Language-Specific Dysgraphia in Persian Patients with Right Brain Stroke: Influence of Visuospatial Neglect and Rehabilitation

AUTHORS

Shole Vatanparasti ORCID 1 , Anoshirvan Kazemnejad ORCID 2 , Shahram Oveis Gharan ORCID 3 , Payman Hassani Abharian 4 , Ali Yoonessi ORCID 5 , *

AUTHORS INFORMATION

1 Institute for Cognitive Sciences Studies, Tehran, Iran

2 Department of Biostatistics, Faculty of Medical Sciencess, Tarbiat Modares University, Tehran, Iran

3 Rush Alzheimer's Disease Center, Rush University Medical Center, Chicago, IL, United States

4 Department of Rehabilitation, Institute for Cognitive Science Studies, Tehran, Iran

5 Neuroscience Department, School of Advanced Technologies in Medicine, Tehran University of Medical Sciences, Tehran, Iran

ARTICLE INFORMATION

Archives of Neuroscience: In Press (In Press); e91405
Published Online: July 14, 2019
Article Type: Research Article
Received: March 9, 2019
Revised: May 18, 2019
Accepted: May 29, 2019
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Abstract

Background: Writing is a human communication tool. No disability behavioral assessment of dysgraphia due to stroke-induced neglect has been conducted in Iran.

Objectives: We investigated rehabilitation of dysgraphia in patients with stroke-related neglect in Persian language- specific constructive errors of writing.

Methods: All patients were suffering from stroke-induced visual neglect. Five patients were evaluated for dysgraphia in a spontaneous writing task before and after rehabilitation without writing practice for 10 sessions with prism adaption (PA). Dysgraphia was classified into visuospatial omission error, visuospatial destruction error, visuospatial size error, visuospatial tilting error, poor handwriting style, visuospatial distance error, and visuospatial perseveration (addition) error. Neglect was evaluated using the star cancellation test (SCT), and line bisection test (LBT) and activities of daily living (ADL) was assessed by the Barthel index (BI) and the Catherine Bergego scale (CBS).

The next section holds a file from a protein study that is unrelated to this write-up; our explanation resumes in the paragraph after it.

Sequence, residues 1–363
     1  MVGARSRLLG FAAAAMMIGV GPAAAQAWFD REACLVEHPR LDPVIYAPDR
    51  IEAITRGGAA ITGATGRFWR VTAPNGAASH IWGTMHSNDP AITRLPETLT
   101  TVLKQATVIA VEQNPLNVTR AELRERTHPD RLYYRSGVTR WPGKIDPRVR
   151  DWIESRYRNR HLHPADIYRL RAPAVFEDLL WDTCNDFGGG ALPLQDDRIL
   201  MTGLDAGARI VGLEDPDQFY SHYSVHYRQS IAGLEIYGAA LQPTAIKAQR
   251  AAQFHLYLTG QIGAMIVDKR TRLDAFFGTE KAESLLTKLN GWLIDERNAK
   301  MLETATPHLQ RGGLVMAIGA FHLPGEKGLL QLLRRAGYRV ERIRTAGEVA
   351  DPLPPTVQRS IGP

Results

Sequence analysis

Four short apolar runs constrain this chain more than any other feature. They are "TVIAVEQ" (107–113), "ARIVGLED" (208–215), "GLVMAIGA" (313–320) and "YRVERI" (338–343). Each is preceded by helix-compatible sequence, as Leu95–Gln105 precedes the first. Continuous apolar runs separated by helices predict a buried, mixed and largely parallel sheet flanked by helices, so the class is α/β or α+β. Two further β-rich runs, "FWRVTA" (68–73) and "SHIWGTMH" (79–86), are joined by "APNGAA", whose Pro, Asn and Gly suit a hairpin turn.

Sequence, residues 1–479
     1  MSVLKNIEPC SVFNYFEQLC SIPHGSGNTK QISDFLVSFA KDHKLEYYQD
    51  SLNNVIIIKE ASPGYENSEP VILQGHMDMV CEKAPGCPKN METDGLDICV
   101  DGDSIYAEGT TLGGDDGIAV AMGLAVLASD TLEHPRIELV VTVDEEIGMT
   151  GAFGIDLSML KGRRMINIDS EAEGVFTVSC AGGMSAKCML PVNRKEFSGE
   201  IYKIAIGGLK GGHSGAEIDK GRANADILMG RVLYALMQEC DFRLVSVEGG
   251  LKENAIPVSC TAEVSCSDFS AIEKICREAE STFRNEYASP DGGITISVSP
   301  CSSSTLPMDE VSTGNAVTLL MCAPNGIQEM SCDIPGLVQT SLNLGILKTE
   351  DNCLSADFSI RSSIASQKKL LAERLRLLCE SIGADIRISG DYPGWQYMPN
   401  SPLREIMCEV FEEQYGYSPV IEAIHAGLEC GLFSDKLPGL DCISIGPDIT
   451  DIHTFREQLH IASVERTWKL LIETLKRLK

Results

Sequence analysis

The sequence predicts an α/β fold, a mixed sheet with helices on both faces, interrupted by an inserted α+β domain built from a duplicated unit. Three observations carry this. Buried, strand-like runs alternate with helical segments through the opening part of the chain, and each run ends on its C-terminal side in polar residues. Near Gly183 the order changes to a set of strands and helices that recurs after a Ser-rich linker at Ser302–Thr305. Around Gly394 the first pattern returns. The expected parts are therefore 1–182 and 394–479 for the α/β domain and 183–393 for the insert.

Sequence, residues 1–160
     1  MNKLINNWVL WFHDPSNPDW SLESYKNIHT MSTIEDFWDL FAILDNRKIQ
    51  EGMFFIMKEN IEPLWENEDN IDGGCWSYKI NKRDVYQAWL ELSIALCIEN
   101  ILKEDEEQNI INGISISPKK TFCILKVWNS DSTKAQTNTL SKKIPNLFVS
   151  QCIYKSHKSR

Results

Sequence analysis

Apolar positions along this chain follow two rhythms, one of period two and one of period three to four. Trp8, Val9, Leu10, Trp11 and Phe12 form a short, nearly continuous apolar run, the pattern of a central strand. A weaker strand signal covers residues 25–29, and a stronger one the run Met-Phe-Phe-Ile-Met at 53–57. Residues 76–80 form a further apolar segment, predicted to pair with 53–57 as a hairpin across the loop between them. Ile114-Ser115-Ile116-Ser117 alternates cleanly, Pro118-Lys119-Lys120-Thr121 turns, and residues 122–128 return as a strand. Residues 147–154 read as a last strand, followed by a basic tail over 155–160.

Results: All patients showed significant improvement in dysgraphia (measured using spontaneous writing test), ADL (measured using CBS and BI), and neglect (measured using LBT and SCT) (P < 0.05). Visuospatial ‎destruction errors were the most frequent and visuospatial‎ omission errors were the least frequent errors.

Conclusions: PA is a potential effective strategy in stroke rehabilitation of dysgraphia, visuospatial neglect and ADL. Unilateral spatial neglect and rehabilitation improves dysgraphia in Persian language speaking patients with right brain stroke.

Keywords

Rehabilitation Neglect Dysgraphia Writing Language Prism Adaption

Copyright © 2019, Author(s). This is an open-access article distributed under the terms of the Creative Commons Attribution-NonCommercial 4.0 International License (http://creativecommons.org/licenses/by-nc/4.0/) which permits copy and redistribute the material just in noncommercial usages, provided the original work is properly cited.
1. Background

Dysgraphia may be caused by acute right parietal infarctions. Lesions in the right hemisphere of the brain often cause a non-aphasic disorder known as spatial dysgraphia (1-6). Dysgraphia, also known as spatial writing disorders, is defined by inscribing errors which commonly contain missing elements, omission errors, addition errors, tilting error, visuospatial destruction mistake, and syllabic tilting fault. These errors have been observed in patients of various languages, such as Japanese (3), English (7), French (8), Spanish (4), and Korean, with right-brain stroke (9-11). However, writing disorder due to right-brain stroke has various forms associated with the specific writing system of a given language. For example, Japanese patients with right-brain stroke demonstrated disorders related to ideogram (Kanji) writing but not to phonograms (Kana) (3).

However, these language-specific dysgraphia or constructive errors of writing are not quite understood. The errors may be affected by visuospatial processing, have a convened array of letters of the alphabet, and require a particular rehabilitation strategy of their letters of the alphabet graphemic systems (3, 9, 10, 12-15). Stroke-induced neglect is an important factor to influence dysgraphia and is usually a comorbid sign. In a recent study, Prism adaptation (PA) as a single therapeutic approach that has been shown to be effective on neglect and dysgraphia following stroke (8).

The Persian alphabet, Farsi, includes 32 letters of the alphabet, 9 vowels and 31 consonants. Each Persian grapheme must be located within a square space to word form right side to left side for spatial structure. Accordingly, in the Persian writing system, dysgraphia and writing performance after a right-brain stroke may be exclusively affected if unilateral visuospatial neglect is also present.